ADAPT OR DISAPPEAR: the digital shakeout looms.

Author:Ramirez, David

The only bright spots are leading-edge sectors such as telecommunications, banking, and retail. SMEs under pressure.

Digital transformation (DT) has become a must. "The company that is not undergoing digital transformation is destined to disappear, or at best, to lose significant market share in the medium term," Carlos Mercuriali, SVP, general manager EMEA South of SAP Ariba told Latin Trade.

A report by international consultant Innosight projects that the effects of changes in technology will lead to as many as 75% of companies that currently make up the S&P 500 being forced out of the index by newcomers over the next decade.

Similarly, a study of 350 global companies by the Harvard University School of Business showed that those that included DT in their business model achieved net margins 57% above those that did not, while operating margins were 80% higher.

Though such studies might seem convincing, many Latin American companies either don't fully understand DT or approach it in the wrong way. Mercuriali said that a SAP survey of CEOs found that 90% of accepted that DT is "fundamental," but just 15% of them had actually assigned a budget for it.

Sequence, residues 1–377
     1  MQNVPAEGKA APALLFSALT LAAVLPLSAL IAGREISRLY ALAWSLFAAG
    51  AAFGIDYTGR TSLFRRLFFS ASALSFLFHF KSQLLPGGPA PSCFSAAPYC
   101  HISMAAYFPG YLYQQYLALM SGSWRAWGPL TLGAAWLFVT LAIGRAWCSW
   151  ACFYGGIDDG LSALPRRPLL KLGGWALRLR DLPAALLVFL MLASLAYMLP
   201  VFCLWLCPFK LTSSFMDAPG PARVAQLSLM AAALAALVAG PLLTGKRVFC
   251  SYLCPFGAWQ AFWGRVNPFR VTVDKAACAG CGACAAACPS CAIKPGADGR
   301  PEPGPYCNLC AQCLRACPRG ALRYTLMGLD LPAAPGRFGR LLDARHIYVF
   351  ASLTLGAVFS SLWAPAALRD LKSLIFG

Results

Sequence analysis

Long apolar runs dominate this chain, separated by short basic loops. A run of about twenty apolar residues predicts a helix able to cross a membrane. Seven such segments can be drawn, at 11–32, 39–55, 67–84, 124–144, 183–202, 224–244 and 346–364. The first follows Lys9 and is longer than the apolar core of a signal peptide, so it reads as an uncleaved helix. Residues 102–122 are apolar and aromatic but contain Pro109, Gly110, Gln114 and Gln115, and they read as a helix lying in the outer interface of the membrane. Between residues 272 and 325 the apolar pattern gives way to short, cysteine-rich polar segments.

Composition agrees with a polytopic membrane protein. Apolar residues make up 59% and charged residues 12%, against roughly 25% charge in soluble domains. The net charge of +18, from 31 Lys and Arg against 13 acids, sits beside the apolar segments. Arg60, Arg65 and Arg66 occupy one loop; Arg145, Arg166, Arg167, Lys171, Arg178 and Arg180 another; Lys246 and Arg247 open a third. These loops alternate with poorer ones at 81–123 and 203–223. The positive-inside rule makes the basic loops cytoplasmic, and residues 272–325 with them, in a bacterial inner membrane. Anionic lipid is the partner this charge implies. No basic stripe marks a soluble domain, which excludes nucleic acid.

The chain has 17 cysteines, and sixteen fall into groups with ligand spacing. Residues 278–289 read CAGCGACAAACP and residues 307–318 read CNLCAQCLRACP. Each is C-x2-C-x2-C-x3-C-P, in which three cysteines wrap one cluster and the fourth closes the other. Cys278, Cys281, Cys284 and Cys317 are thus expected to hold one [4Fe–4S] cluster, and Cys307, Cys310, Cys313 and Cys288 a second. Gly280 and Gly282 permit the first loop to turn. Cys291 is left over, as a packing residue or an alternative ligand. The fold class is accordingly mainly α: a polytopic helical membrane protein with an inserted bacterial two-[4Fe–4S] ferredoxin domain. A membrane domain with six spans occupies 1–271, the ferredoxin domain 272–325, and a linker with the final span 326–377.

This reluctance to change is worrisome, said Mercuriali. "Latin America still does not fully understand that without DT they're not going to be competitive, in terms of revenues, costs, or in anything," he said.

While a few multilatinas and some local market leaders are embracing the transformation, the vast majority of companies in the region are being left behind. "We are seeing that a few large firms are adopting DT, but most of them, above all the small and medium-sized firms, aren't doing anything about it at all," said Marcelo Ruiz, director of consulting, Latin America-Technology, for GlobalData, a digital consultant.

Part of the resistence to change can be explained by a lack of understanding of what DT really is. "Some firms think it consists only of digitizing processes that they're doing on paper," said Ruiz. This reflects "the absence of a DT-oriented business culture."

Businesses that are actively incorporating DT are not just those involved in leading-edge industries such as telecommunications, banking, and retail. "These sectors are in attack mode, but there are also companies in agro-industry, oil, mining, and utilities," Mercuriali said. Also, startups are using tools like blockchain, big data, the internet of things, and artificial intelligence to develop specific lines of...

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